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February 11th, 2014

Intimidation and Bullying: How Industry Steamrolls the Scientific Debate

By Tim Schwab

For anyone who’s ever wondered why the “science-based” rules and regulations coming out of Washington are so consistently industry friendly, Tyrone Hayes’ story recently in the New Yorker, but told first by 100Reporters and Environmental Health News last June, is enlightening.

A biology professor at the University of California, Hayes took research funding from Syngenta to study its herbicide atrazine. When his study found environmental and health problems with the widely used herbicide in the late 1990s, Sygenta balked and stalled his findings. Hayes ended the funding relationship, feeling that his peers may eventually think that he was “part of a plan to bury important data” and that his reputation might be injured. Little did Hayes know.

As he continued his research on atrazine independently – and found more evidence of serious problems, including hermaphroditic frogs – government regulators at the Environmental Protection Agency (EPA) sat on their hands, allowing atrazine to became the second most heavily applied herbicide in the United States.

Hayes started to speak out about his findings, and Syngenta started bullying him. According to documents made public through a court case (Syngenta recently agreed to pay $105 million in a settlement agreement to filter atrazine from hundreds of municipal water supplies), the company’s public relations department devised a smear campaign to intimidate Hayes and challenge his scientific credibility. The documents from the court case include a written list of the company’s public relations’ goals, including to “discredit Hayes.” Syngenta’s communications manager aimed to prevent scientists from citing Hayes’ data by “revealing him as non-credible.” Syngenta even started compiling a detailed profile of Hayes’ behavior (clothing, speaking style) and then commissioned a professional psychological profile.

Syngenta’s communications manager listed methods to attack Hayes, both personally and professionally: “systematic rebuttals of all TH appearances,” “have his work audited by 3rd party,” “ask journals to retract,” and “investigate wife.”

The full extent of this kind of industry intimidation is unknown (we only get a glimpse when court cases make documents public or academics are brave enough to challenge industrial sponsors and speak out), but Syngenta’s tactics appear to derive from a well-worn industry playbook. When consumer advocate Ralph Nader found safety problems with General Motors’ vehicles in the 1960s, the company tried to discredit him by tapping his phones, hiring a private detective and attempting to use sex workers to entrap him.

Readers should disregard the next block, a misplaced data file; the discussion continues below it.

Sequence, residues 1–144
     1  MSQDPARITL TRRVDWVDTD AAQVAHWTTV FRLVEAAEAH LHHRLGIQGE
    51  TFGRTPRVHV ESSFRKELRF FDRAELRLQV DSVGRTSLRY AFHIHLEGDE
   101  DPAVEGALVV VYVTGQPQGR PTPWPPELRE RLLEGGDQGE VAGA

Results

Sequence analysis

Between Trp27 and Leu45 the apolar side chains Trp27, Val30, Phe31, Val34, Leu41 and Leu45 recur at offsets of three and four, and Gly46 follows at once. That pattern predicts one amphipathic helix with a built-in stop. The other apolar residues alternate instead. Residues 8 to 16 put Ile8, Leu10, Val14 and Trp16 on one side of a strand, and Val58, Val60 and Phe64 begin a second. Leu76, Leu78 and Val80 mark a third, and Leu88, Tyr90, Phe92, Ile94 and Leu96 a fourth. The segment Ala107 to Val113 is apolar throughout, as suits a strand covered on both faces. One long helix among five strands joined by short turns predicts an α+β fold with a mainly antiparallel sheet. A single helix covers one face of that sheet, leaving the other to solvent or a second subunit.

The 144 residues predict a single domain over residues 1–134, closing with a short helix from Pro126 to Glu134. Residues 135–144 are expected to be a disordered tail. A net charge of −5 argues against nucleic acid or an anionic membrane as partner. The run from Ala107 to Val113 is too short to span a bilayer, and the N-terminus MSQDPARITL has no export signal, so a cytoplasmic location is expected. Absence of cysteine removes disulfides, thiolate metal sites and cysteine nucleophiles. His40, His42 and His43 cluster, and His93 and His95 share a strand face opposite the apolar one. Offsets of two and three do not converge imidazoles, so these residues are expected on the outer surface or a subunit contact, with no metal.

When University of California professor, Ignacio Chapela, found problems with genetically engineered seeds cross-pollinating native maize species in Mexico, he found his research – and his career – came under attack by industry. Just a few months ago, a damning study on the safety of Monsanto’s genetically engineered crops by a French researcher, came under intense fire from industry and friendly third-parties, which lead to its retraction – a tactic mentioned in Syngenta’s playbook to discredit Hayes.

Hayes was by no means the only academic finding problems with atrazine, nor was he alone in finding his reputation under attack. When a medical doctor published a paper linking genital defects in humans to atrazine, Syngenta subpoenaed his research and organized talking points to discredit his study.

And when the New York Times and others reported on some of these negative findings, Syngenta sought to engage friendly third parties to refute the bad press. Atrazine defenders with links to Syngenta abound. The non-profit American Council of Science and Health, which defended atrazine on MSNBC, stridently defends its independence despite the fact that it receives money from Syngenta. As the New Yorker article also points out, the self-described green consultant Jon Entine, listed in Syngenta documents as a potential, friendly “third-party,” weighed in at Forbes in apparent lockstep with Syngenta’s campaign to discredit Hayes, although Entine also claims he is independent and says Syngenta has never been his client.

So, where are our government regulators in all of this? The EPA, unlike Hayes, continues to be buffaloed by Syngenta. Industry has seemingly unlimited resources not only to overwhelm regulators and the scientific database with pro-industry studies, but also to influence rules and regulations through lobbying and campaign contributions. Syngenta has spent more than $17.5 million in lobbying and campaign contributions since 1998, and the larger biotech industry has spend close to a half-billion dollars in the last decade.

Should we really leave public policy and risk assessment to the agribusiness lobby? Should we allow agribusiness corporations to bulldoze the scientific debate over their controversial products? Food & Water Watch has investigated the extent of this problem and offered some common sense solutions. Read our report here.

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